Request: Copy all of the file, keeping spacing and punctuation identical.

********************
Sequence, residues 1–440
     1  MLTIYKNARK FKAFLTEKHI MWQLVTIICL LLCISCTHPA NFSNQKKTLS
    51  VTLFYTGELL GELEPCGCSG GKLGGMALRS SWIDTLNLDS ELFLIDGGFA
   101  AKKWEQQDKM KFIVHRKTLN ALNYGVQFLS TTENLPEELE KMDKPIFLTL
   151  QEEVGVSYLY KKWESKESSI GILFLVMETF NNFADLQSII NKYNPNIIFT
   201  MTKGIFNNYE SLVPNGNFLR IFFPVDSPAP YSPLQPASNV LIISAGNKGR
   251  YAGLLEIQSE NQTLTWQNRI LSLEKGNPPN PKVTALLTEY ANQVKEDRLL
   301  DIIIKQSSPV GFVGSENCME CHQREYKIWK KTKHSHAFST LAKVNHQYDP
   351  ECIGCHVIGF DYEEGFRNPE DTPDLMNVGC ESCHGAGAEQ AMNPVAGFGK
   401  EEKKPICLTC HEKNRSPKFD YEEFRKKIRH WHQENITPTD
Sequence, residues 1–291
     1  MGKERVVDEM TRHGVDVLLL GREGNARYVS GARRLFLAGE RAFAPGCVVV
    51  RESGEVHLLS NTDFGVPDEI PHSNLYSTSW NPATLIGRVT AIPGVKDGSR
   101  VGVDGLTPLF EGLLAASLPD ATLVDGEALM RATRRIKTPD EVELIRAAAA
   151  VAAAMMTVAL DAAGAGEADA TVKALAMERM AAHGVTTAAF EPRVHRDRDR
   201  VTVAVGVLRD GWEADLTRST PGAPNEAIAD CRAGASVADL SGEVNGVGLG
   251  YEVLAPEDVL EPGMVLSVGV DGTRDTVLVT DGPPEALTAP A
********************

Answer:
Sequence, residues 1–440
     1  MLTIYKNARK FKAFLTEKHI MWQLVTIICL LLCISCTHPA NFSNQKKTLS
    51  VTLFYTGELL GELEPCGCSG GKLGGMALRS SWIDTLNLDS ELFLIDGGFA
   101  AKKWEQQDKM KFIVHRKTLN ALNYGVQFLS TTENLPEELE KMDKPIFLTL
   151  QEEVGVSYLY KKWESKESSI GILFLVMETF NNFADLQSII NKYNPNIIFT
   201  MTKGIFNNYE SLVPNGNFLR IFFPVDSPAP YSPLQPASNV LIISAGNKGR
   251  YAGLLEIQSE NQTLTWQNRI LSLEKGNPPN PKVTALLTEY ANQVKEDRLL
   301  DIIIKQSSPV GFVGSENCME CHQREYKIWK KTKHSHAFST LAKVNHQYDP
   351  ECIGCHVIGF DYEEGFRNPE DTPDLMNVGC ESCHGAGAEQ AMNPVAGFGK
   401  EEKKPICLTC HEKNRSPKFD YEEFRKKIRH WHQENITPTD
Sequence, residues 1–291
     1  MGKERVVDEM TRHGVDVLLL GREGNARYVS GARRLFLAGE RAFAPGCVVV
    51  RESGEVHLLS NTDFGVPDEI PHSNLYSTSW NPATLIGRVT AIPGVKDGSR
   101  VGVDGLTPLF EGLLAASLPD ATLVDGEALM RATRRIKTPD EVELIRAAAA
   151  VAAAMMTVAL DAAGAGEADA TVKALAMERM AAHGVTTAAF EPRVHRDRDR
   201  VTVAVGVLRD GWEADLTRST PGAPNEAIAD CRAGASVADL SGEVNGVGLG
   251  YEVLAPEDVL EPGMVLSVGV DGTRDTVLVT DGPPEALTAP A